2012 Toyota Prius C

2012 Toyota Prius C

Enlarge Photo

Conclusion

Which should you buy?

Firstly, we'd advise test-driving both vehicles. The Prius c seems to sit well with many, but we've seen a mixture of "love it" and "hate it" comments on the Insight.

There's no doubt that each is capable of impressive economy figures, though if you do plenty of city driving you might find the Prius c's smaller exterior size and electric-only running returns higher MPG than the mild-hybrid Honda.

If budget is truly a concern, it's worth noting that at $18,500, the base Insight is cheaper to buy than the $19,900 base Prius c. The difference would comfortably cover a year's gas in either car.

And driven right, each car is potentially even greener than the EPA numbers suggest.

+++++++++++

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Comments (6)
  1. I've read consumer complaints about excessive noise in the Insight. When I got into one and shut the door, it sounded like a tin can. I guess there's a lack of sound deadening materials to keep weight down. Oh well.......
     
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  2. If you live in hot climates, the winner is the Prius c hands-down. Prius c uses an electrically-driven air-conditioning unit, which means the A/C still runs even if the gasoline engine is shut off (such as at a stop light).

    The Insight A/C is driven by the gasoline engine. So if the gas engine is stopped when the car isn't moving, you get no A/C.
     
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  3. While it is true the AC shuts off with the engine, there's a simple fix. You just don't use the econ button and the car won't shut off at red lights (BTW EPA numbers are given without use of econ mode). I bought a 2012 Insight several months ago and have no problem beating the 100 degree New Orleans heat. I've also never had a problem with excessive noise and as far as materials used, it feels very comparable to the Altima it replaced. But to each his own, I know many on here will swear on the Prius until the day they die. Also Consumer Reports called the Prius c "a cheap car with an expensive drivetraun".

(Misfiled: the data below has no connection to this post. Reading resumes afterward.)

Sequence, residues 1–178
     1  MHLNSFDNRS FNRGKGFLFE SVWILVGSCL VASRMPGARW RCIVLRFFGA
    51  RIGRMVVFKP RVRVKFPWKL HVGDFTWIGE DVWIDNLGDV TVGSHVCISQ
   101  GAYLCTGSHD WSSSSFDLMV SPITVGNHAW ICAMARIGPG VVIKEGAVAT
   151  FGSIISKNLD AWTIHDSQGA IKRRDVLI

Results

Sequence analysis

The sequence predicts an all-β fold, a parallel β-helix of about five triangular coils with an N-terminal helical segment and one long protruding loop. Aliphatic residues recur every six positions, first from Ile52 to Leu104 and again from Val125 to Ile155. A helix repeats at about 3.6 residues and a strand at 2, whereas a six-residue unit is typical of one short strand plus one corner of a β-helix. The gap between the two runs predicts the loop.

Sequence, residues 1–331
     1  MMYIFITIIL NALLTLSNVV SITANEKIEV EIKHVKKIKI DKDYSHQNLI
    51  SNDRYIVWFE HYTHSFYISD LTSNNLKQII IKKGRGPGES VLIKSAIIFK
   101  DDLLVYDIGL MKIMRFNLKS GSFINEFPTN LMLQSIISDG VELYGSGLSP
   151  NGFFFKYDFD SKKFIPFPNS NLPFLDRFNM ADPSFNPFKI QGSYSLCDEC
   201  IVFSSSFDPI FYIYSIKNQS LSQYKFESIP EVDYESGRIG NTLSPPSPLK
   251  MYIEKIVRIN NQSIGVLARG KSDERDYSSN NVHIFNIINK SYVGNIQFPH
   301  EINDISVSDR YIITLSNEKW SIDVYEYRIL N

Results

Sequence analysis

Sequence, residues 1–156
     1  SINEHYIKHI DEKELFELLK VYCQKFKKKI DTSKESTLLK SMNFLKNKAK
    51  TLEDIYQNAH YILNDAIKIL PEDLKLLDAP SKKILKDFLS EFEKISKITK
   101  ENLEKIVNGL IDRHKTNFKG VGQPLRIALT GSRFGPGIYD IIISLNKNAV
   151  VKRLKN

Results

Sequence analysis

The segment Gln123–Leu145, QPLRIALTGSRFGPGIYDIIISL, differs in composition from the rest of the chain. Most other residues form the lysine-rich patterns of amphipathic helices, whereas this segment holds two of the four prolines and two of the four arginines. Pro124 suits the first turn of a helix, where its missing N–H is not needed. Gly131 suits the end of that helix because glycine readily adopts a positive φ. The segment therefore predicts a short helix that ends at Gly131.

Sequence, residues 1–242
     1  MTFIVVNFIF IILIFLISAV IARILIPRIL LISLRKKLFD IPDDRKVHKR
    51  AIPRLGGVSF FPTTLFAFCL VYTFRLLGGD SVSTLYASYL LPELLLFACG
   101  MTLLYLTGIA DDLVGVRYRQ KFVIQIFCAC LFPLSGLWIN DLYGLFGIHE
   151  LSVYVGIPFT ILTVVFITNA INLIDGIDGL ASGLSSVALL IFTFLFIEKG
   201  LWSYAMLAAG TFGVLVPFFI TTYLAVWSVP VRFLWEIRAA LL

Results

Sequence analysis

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  4. At similar trim levels, the "cheap car with an expensive drivetrain" costs about $300 more than the Insight, which is a cheap car with a cheap drivetrain (and worse fuel economy).

    I think just $300 more for an "expensive drivetrain" and better fuel economy is a great deal. :-)
     
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  5. I test drove both, I preferred the Insight. Much better driving experience overall, quite responsive and I liked the interior better, and the cabin noise was much quieter too. The road noise is pretty in the Prius C, I'm getting an average of 50mpg.
     
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  6. One reason the Insight sales are so low is Honda makes no effort to sell this car. You never see it in the showroom, there are no ads on tv or newspapers, and it doesn't appear in any of their sales promotions. On a dealer's lot there are scads of every other model Honda but maybe two or three Insights somewhere. Another reason the Insight's sales are so low is they have a ridiculous choice of colors. Except for the white and silver, most are boring shades of black. Where are those easy to see pastels of bygone days?